Saturday, November 18, 2017
Business

Sign wavers add to Brandon landscape, bottom line

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BRANDON — "The Preacher" stands along a stretch of Brandon Boulevard in front of Providence Square Plaza, waving a sign for the Cash for Gold business in the plaza.

He's actually Fred Boone, but as the Preacher, he offers sermons about Cash for Gold, drinking, gastric bypass surgery, abortion and what he calls "pitiful drivers."

"I'm a preacher, so I'm waving goodbye," he says. "With the rapture, everybody is going home to see the Lord sometime.

"These drivers can't stay between two lines. Make it a $250 fine for text messaging while driving."

Boone represents just one of the animated people you see while driving around town, pointing you in the direction of a wide assortment of destinations from open houses and restaurants to cute puppies and computer stores. In a 5-mile radius of Brandon alone, sign wavers invite you to buy a $5 pizza, turn a broken gold necklace in to cash, fix your laptop or put a down payment on a new house.

Now that we are in tax season, add Lady Liberty to the list of sign wavers that seem to be growing in popularity in unincorporated Hillsborough County.

Honk if you like them or glance away as you might, sign wavers have become a part of the landscape. While some drivers may prefer one less distraction near roads and intersections that are growing with traffic congestion, one thing is for certain: They aren't going away any time soon.

Why? Three main reasons: wavers provide inexpensive advertising; wavers are not regulated by the county's Land Development Code; and, perhaps most importantly, using wavers works.

Stephanie Nussbaum, who has been general manager of the Seffner Liberty Tax Service at 915 W Dr. Martin Luther King Jr. Blvd. for the past four years, figures that the 12 wavers she rotates during the peak months of January to April directly bring in up to a third of her business.

The unconventional advertising levels the playing field against competitors like Amscot and Jackson Hewitt who have larger advertising budgets.

Call it a different kind of media that is social.

"They have fun," Nussbaum said. "You have to be your own personality. If it's slow, they may run along side (the cars) and play games with (the drivers). Not everyone has to be a dancer."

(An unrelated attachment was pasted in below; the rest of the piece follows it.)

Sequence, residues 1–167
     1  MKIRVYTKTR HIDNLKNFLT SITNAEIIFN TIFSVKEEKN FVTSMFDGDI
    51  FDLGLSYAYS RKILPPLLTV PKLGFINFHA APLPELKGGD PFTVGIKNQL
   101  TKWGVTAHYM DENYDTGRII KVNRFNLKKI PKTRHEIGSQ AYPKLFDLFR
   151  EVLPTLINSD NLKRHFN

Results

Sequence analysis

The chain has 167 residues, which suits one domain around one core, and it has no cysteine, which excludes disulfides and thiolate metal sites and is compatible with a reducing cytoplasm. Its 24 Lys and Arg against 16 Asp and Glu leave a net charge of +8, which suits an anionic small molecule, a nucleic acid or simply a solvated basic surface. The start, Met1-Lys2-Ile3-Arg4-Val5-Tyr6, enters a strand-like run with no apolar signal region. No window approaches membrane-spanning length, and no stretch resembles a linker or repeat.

While code enforcement regulations in Pinellas County cities like Clearwater, Pinellas Park, Largo and Seminole have resulted in written warnings and court appearances for businesses that don't comply with stricter sign waving rules, it's different in Hillsborough County.

If your business operates anywhere outside the city limits of Plant City, Tampa or Temple Terrace, wavers have free reign to let their messages roam.

Jim Blinck, operations manager for the county's code enforcement department that regulates the unincorporated parts of the county says signs carried by people are exempt from permit.

Wavers fall in to one of the nine specific exemptions in the Hillsborough County Land Development Code that also excludes any regulations for flags or signs that are 6 square feet or less.

This is good news for people like 18-year-old Kamron Morgan, a Brandon High School student, who said sign waving is the only job he could find.

In addition to his paycheck, Morgan has been eating free sandwiches for 1½ years. It's part of the perks of waving a Firehouse Subs sign in front of 1921 W Brandon Blvd.

But perhaps no company embodies the art of sign waving as much as Liberty.

With headquarters in Virginia Beach, Va., there are more than 4,000 locations in North America, and all of them use the Lady Liberty costume, with some trying Uncle Sam on occasion.

Many locations offer training videos on how to maximize waving techniques, but all franchises are required to use costumed sign wavers. With so much moving and shaking, especially in iconic patriotic costumes, you might think it's a recipe for traffic accidents or perhaps complaints for using snippets of Americana in a derogatory manner.

Not so, says Nussbaum, who said she's never seen an accident nor heard of any complaints for using Lady Liberty as a mascot. She said the only complaint she can recall is a driver asking one of the dancers to tone down the moves a tad.

"Our way to get you to use us, is having energetic, happy faces."

One such face belongs to Victoria Hall, who likes sign waving so much she pulls double duty. She dons the Statue of Liberty costume for the Liberty Tax Service branch at 927 Lithia Pinecrest Road, and she spins signs for MIT computers in front of 2106 W Brandon Blvd.

While many of her cohorts can be seen dancing to their favorite music using headphones, Hall, 66, takes an alternative approach.

"My challenge is to get them to smile," she said. "I get a lot of happy people. I like to be goofy. It's better than sitting in the house, and I get paid for it."

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